Scaffolder John Forsyth is back on site working with Ashley-Thompson's men to make sure everything comes down quickly and safely.  He'll be here for about ten days, by which time he hopes to have the main part of the structure down to ground floor level.  It took him fourteen weeks to put the whole thing up, and it'll not take four to bring it down.

So far, there haven't been any serious problems - bearing in mind that this first started to go up in July 2013.  Some of the bolts on the clips have rusted - this one isn't anything like as bad as some of those at the base of the structure which have been bathed by the sea twice a day - and they've had to be cut away using an angle grinder.

Perhaps surprisingly, there have been bigger problems freeing the threads of these 'band and plate' couplers, some of which have required a three-foot steel bar and a lot of effort to move.  Even more surprisingly, John describes the scaffolding boards as being in better condition than when they went up, having weathered gently in two years of mild Atlantic airstream.

Everything's coming down the way it went up - by hand.  It's a process that isn't helped by the wet weather, which makes poles and boards slippery. Then each length of scaffold pole, each type of clip, each coupler, each board is organised into standard parcels to go away by road, a total of six articulated truck-loads.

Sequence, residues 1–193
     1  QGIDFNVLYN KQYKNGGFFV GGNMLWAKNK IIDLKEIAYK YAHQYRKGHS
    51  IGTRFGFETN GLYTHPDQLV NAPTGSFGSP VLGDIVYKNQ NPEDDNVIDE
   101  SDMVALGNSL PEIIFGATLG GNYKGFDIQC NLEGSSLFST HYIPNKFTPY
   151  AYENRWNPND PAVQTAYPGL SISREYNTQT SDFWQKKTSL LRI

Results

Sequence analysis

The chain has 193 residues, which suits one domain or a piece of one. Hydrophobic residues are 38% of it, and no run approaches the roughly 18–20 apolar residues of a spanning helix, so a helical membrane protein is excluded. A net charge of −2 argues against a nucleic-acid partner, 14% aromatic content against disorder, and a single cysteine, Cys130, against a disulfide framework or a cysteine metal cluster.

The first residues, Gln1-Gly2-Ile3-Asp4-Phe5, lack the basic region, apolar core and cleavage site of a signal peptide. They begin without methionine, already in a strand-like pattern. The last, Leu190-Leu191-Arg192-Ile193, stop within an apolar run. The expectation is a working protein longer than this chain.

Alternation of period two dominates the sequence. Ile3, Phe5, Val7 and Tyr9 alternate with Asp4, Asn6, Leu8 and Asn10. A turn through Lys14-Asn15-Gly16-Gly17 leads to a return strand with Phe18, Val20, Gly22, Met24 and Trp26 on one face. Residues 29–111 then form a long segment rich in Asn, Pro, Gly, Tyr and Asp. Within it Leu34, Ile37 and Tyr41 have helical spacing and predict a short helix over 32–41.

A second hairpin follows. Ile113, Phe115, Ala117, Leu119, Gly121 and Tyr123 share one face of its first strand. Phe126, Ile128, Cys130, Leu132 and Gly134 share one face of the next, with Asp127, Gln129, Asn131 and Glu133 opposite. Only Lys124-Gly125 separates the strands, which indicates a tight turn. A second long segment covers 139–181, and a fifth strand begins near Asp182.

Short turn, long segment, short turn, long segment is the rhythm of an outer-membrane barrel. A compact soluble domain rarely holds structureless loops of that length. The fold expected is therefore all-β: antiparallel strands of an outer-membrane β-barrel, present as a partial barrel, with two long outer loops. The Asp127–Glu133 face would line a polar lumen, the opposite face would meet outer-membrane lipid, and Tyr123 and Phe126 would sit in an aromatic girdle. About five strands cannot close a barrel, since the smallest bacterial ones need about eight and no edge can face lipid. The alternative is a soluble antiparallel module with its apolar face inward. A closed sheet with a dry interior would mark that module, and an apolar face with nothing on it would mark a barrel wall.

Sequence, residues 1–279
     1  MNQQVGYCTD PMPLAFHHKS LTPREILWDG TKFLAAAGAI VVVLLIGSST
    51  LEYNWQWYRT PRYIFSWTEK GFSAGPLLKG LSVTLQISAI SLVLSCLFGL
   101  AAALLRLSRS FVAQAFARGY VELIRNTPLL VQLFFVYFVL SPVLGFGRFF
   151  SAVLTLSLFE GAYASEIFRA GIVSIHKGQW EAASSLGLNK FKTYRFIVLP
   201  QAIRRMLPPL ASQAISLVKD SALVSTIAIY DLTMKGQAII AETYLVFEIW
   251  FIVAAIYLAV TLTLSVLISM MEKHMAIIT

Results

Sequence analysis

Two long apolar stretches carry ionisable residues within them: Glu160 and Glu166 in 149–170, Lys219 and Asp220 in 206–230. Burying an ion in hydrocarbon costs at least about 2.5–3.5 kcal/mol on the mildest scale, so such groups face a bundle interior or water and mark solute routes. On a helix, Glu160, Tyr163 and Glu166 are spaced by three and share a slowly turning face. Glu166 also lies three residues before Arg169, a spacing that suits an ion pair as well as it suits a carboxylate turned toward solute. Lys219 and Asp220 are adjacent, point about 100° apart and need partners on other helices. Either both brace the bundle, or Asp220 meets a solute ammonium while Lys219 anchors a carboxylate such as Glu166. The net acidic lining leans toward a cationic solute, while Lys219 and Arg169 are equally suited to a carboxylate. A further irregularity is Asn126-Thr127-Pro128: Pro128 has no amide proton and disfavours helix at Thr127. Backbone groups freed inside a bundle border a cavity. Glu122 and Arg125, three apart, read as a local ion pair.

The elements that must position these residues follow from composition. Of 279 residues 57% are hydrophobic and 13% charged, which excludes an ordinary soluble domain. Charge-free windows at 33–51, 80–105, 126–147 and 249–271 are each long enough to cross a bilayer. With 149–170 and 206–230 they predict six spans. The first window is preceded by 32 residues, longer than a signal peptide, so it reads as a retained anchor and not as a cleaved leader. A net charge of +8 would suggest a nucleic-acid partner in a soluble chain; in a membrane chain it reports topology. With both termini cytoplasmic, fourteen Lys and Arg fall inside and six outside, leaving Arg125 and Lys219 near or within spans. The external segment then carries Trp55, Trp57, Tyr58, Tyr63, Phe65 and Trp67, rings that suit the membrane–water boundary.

This was the last opportunity to climb the scaffolding to visit a couple of my favourite places. This is the cannonball which is lodged in the west curtain wall, accessed on the scaffold's second 'lift'. I like the way the stonemasons have given it a neat alcove in which to spend its next 700 years.

This was also a chance to take a last close look at stonemason Damien's handiwork on the lancet windows, and the neat little leaded windows carefully made for each of them.

Not everyone is excited about the scaffolding coming down. This pipit has a nest somewhere in the castle's stonework, is busy feeding a growing family, and has found the scaffolding perfect as a landing spot.

With  most of the workmen dealing with the scaffolding, progress has slowed indoors. Joiner Martin Theaker, seen here in the master bedroom on the second floor, has just taken delivery of the next consignment of oak panelling from Gary Bibby Joinery, but it needs to stand for a few days for it to 'acclimatise' before it's fitted to the walls. 'H' is laying Caithness stone flags in the hallway at the bottom of the stairwell, and the plumbers have returned to put underfloor heating into the last of the rooms in the East and West Ranges.